Thursday, December 13, 2007

Tiny Teachers

I have a very strong conviction to teach my children to accept diversity in this shrinking world. While I may not know the details of how or what I'll teach them, I feel it is important for my kids to be socially educated, compassionate and empathetic. Of course there are moral limitations and I'm still trying to define what those should be as my children grow.

Sometimes kids turn the tables and teach us instead.

I took Bella to an indoor playground last week after school. We arrived about the same time as two other little girls about her age.

One girl was named Kylie and she was African American. The other little girl looked as if her face had been beat up by concrete with cuts all over, swollen eye, nose and lip. Her name was Sarah.

Bella doesn't have many African American girls in her school, I'm not sure why. She hardly ever sees children with injuries or disabilities (I had to double-take with Sarah because I first thought she had a facial deformity).

But after formally introducing themselves and giving each other the once over, the girls gleefully ran off towards the slide, chatting non-stop.

The discussion?

How they got out of their mommy's tummy. A universal topic.

None of the girls pointed out each other's differences or even Sarah's poor beat-up little face. There was no staring or grimacing. There was immediate acceptance and willingness to be best friends for the 15 minutes we were there. They hugged, held hands, cooed over Ava and told silly secrets.

It was wonderful to see and I was proud of all three girls. I know social exchanges won't always be so pleasant or without judgement, but I hope I can teach my girls to always be kind, think before they speak and not stare at those who may be different from them. Then again, they will probably learn more by example and that is the most important lesson of all. For all of us parents.

8 comments:

March Day said...

It is truly amazing to see how kids are so accepting of each other at that age. We all could learn a lesson or two from 3-year-olds!

T-girl said...

I love that kids see peoples hearts! I always smile when Joci takes to someone right off, however if she is taken back by someone I have found it is best to head her warning! LOL Too bad we lose this as we age!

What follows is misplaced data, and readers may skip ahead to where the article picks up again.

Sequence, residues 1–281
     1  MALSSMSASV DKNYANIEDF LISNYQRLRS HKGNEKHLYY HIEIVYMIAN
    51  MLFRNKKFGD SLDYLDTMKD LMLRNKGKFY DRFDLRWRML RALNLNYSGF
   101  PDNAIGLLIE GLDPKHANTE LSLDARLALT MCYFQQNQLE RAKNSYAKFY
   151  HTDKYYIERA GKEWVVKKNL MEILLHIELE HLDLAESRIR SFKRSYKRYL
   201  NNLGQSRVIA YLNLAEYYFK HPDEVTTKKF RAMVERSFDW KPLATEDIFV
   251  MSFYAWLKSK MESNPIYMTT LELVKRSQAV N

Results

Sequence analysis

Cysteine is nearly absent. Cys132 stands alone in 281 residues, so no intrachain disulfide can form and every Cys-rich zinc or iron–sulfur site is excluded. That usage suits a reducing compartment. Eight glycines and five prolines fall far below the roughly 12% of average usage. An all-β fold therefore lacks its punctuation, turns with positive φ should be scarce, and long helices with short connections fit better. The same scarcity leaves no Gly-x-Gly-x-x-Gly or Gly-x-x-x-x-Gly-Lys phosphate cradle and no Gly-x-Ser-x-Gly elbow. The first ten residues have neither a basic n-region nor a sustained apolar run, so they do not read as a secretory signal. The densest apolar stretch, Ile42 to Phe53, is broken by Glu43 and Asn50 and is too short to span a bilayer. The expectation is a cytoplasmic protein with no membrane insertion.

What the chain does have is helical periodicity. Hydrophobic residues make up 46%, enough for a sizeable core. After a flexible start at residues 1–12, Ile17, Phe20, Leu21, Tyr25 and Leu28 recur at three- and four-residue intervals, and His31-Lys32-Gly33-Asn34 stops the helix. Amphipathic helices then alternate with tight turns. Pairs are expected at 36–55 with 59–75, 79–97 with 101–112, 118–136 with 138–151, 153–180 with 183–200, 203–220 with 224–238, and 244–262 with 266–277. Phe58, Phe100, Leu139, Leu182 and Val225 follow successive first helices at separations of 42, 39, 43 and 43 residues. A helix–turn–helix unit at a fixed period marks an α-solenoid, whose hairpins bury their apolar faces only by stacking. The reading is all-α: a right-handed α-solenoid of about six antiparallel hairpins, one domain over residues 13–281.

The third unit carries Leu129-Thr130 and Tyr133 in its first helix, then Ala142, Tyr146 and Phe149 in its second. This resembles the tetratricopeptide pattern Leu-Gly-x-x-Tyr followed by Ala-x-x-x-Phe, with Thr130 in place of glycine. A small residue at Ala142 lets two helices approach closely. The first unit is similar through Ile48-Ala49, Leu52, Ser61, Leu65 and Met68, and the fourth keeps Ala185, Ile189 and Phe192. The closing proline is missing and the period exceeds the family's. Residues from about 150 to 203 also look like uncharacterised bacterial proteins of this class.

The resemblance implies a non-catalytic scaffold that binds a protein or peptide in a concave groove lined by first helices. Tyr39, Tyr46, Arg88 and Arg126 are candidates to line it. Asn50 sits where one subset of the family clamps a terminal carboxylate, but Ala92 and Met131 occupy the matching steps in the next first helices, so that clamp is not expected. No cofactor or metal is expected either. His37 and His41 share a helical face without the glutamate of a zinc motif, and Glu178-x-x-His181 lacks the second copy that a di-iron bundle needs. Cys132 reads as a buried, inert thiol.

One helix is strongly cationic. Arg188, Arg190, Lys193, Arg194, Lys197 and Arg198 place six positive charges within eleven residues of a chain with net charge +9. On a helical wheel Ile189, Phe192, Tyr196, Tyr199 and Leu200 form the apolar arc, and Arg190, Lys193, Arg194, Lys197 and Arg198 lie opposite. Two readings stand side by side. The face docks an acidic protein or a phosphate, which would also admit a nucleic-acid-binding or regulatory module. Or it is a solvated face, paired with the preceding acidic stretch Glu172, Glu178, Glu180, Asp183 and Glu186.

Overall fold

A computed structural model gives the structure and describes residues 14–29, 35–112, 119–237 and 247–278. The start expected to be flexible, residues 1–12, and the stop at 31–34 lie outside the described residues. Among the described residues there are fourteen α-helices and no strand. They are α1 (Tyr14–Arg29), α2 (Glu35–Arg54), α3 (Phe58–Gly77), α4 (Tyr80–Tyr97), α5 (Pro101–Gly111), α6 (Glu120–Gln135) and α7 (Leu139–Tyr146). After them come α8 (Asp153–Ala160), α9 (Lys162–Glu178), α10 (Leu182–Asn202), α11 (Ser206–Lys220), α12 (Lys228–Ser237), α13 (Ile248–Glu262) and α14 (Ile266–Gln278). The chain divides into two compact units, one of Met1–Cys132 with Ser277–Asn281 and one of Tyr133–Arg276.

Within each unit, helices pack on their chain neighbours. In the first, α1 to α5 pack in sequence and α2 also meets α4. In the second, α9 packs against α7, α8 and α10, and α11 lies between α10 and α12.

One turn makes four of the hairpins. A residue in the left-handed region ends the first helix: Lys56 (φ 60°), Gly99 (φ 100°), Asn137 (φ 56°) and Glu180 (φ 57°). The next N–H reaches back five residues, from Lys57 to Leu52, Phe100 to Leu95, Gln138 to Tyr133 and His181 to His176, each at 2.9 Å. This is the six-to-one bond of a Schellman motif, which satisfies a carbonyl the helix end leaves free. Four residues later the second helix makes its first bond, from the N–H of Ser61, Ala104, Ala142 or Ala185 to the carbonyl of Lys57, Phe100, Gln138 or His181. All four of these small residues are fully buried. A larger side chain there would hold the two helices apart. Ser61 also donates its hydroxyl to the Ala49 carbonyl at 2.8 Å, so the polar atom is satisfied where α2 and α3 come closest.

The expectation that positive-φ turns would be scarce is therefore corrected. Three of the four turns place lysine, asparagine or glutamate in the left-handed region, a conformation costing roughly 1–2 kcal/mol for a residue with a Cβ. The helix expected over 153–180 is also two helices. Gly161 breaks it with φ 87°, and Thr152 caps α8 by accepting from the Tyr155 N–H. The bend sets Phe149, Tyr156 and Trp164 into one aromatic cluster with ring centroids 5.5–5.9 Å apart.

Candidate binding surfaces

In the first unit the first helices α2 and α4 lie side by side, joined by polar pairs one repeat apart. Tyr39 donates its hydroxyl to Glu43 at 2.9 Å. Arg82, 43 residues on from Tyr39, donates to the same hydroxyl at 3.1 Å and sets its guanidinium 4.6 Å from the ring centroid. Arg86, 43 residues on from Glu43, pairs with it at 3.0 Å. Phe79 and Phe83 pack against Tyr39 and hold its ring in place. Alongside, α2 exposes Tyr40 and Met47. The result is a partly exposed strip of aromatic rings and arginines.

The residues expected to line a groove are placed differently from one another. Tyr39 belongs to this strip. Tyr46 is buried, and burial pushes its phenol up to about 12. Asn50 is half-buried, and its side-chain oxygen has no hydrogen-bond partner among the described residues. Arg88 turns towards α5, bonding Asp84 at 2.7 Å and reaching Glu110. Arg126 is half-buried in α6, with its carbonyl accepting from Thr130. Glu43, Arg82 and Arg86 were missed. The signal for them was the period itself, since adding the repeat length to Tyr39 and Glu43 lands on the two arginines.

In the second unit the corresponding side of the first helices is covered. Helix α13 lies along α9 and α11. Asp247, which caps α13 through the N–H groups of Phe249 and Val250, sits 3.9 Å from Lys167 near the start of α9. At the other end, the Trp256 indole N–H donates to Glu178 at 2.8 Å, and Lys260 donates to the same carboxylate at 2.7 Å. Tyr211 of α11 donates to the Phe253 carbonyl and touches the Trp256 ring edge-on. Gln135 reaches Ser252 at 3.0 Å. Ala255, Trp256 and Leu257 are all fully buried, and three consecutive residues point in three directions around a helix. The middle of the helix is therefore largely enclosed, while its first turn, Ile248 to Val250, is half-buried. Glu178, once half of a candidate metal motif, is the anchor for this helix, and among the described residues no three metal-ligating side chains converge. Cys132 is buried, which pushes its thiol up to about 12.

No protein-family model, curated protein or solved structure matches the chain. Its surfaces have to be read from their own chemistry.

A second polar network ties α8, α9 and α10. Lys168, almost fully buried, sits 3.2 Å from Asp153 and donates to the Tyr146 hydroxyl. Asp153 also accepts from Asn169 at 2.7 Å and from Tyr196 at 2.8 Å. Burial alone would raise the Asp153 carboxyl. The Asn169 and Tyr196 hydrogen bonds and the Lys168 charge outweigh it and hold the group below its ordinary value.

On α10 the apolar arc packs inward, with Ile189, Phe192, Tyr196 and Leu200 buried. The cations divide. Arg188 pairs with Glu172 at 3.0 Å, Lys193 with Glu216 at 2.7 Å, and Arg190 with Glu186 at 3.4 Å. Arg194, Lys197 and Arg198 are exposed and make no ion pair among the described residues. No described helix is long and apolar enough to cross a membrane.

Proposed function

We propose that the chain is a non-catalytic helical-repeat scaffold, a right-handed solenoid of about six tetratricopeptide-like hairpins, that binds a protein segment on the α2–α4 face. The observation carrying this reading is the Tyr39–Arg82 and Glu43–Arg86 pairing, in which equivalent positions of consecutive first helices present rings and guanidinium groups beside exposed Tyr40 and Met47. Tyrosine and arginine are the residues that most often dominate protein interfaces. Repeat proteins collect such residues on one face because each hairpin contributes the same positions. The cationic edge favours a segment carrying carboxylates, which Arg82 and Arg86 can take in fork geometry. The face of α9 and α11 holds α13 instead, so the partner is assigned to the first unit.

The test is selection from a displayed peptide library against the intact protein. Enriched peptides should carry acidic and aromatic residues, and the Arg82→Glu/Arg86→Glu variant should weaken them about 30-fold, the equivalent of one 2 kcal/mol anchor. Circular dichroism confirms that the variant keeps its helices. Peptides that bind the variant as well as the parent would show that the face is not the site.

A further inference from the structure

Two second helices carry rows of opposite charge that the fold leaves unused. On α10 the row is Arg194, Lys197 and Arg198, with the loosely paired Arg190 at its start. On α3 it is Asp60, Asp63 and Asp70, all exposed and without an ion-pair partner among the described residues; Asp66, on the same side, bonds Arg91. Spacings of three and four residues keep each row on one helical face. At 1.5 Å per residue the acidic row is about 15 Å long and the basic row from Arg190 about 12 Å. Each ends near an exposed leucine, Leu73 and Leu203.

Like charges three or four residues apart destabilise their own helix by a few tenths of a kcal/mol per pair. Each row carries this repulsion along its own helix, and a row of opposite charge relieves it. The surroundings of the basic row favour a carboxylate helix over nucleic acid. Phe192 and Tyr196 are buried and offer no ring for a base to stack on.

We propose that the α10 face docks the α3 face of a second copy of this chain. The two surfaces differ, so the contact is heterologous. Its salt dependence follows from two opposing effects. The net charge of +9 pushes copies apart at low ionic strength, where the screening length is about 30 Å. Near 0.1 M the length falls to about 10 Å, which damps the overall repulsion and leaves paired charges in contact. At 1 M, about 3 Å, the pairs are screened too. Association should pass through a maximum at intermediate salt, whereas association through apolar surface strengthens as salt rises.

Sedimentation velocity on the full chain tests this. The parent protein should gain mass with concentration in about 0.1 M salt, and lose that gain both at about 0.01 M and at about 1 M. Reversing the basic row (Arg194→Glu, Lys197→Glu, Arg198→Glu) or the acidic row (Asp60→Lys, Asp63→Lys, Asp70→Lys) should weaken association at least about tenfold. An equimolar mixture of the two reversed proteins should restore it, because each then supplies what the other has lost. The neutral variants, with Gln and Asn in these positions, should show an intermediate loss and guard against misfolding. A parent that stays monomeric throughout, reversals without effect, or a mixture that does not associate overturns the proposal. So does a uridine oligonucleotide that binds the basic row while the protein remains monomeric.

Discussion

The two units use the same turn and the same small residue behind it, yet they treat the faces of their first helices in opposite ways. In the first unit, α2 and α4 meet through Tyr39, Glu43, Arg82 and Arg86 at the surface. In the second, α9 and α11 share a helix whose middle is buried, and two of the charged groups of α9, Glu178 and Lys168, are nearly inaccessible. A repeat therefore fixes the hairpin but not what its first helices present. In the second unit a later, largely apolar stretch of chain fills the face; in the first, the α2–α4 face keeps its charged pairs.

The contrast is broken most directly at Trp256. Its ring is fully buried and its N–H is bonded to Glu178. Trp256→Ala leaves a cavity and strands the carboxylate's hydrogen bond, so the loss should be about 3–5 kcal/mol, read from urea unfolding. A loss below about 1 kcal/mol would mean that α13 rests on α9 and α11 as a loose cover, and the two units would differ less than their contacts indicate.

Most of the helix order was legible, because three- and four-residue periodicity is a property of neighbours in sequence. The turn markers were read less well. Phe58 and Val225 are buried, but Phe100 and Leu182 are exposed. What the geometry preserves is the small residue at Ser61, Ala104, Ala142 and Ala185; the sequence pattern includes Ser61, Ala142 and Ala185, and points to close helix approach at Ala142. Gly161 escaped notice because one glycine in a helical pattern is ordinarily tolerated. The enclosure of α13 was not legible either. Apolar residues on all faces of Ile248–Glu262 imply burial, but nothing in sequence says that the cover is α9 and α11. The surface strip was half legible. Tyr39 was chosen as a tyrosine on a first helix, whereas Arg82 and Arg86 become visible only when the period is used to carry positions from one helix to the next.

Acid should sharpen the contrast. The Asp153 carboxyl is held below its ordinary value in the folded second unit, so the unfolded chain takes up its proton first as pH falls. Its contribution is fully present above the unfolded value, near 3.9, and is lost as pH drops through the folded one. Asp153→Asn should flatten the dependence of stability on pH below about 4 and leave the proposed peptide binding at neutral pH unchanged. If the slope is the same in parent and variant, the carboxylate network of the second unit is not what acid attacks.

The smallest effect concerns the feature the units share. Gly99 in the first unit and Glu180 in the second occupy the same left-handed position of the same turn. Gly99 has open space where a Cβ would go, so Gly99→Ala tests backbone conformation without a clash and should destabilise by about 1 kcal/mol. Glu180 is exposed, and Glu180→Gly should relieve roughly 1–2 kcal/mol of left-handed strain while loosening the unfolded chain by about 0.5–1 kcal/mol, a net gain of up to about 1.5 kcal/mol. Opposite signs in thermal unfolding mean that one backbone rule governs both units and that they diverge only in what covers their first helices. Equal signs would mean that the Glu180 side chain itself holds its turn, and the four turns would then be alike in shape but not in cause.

Jennboree said...

It's interesting how we lose touch with our instincts, isn't it?

T-girl said...

You know Buddist have a thing about "beginners mind." I am working on finding mine again right now but basically they say that when you start to see things in a light of "I know" you lose it. They strive to see the world in a "beginners mind!" One of the things I just read about this was telling a study where they asked a bunch of kindergardeners what they saw when the teacher drew a dot on the board. The answers ranged from a bug, the top of a telephone pole, candy etc. They then asked a bunch of highschools what they saw. For a moment the group stayed silent then someone yelled out "a dot!" Everyone laughed but I think you see the point it makes. Life is what you choose to see in it and your experiences, both neg and possitive, influence your thoughts- if you are not careful you can lose out on seeing all the wonderful things that can be made out of the dot. THIS is the lesson I am trying to take from Joci everyday... and I tell you finding your beginners mind after a lifetime of an "expert" mind is HARD! LMAO Sorry this post reminded me of that story when I read it and I had to come tell you! ;)

Amanda Sue said...

it is amazing how kids go YEARS without noticing skin color. i remember teaching pre-k and having kids say "she is my brown friend" or something sweet and innocent like that.

i hope that having dillon around my students will help him develop the ability to look beyond the outside to what is within.

T-girl said...

OMG Amanda Sue, I remember being in 4th grade and confused as to why they were teaching us about "black & white relations." I remember my best friend was of African decent and I honest to God had NEVER noticed that he was "different" in anyway but that he was a boy, to me that was how he was made and I never really thought about it. I remember being extreemly confused and actually asking "Is Cory's blood the same color as mine?" during that class. I had honestly never thought of differences nor cared and it shocked me that others did. I went home extreemly upset, it was seriously a shock to me that we were "different," I just never noticed. (call me slow right?) In some ways I am kind of mad at that teacher (who was wonderful btw) because to be honest I am not sure I would have ever thought about those "differences" had it not been brought up.

Man I am all kinds of chatty on your blog the last few days aren't I? Take the internet away from the girl for a week and she seems to think she has to make up for lost time! LMAO

louann said...

That is so wonderful.

If our perceptions remain that way until we are adults, I really think this world would be a btter place.

Jemmers said...

Sounds like you are doing a great job in teaching your children.

Right now, I am trying to do the same for some adults in my life. Sad, really!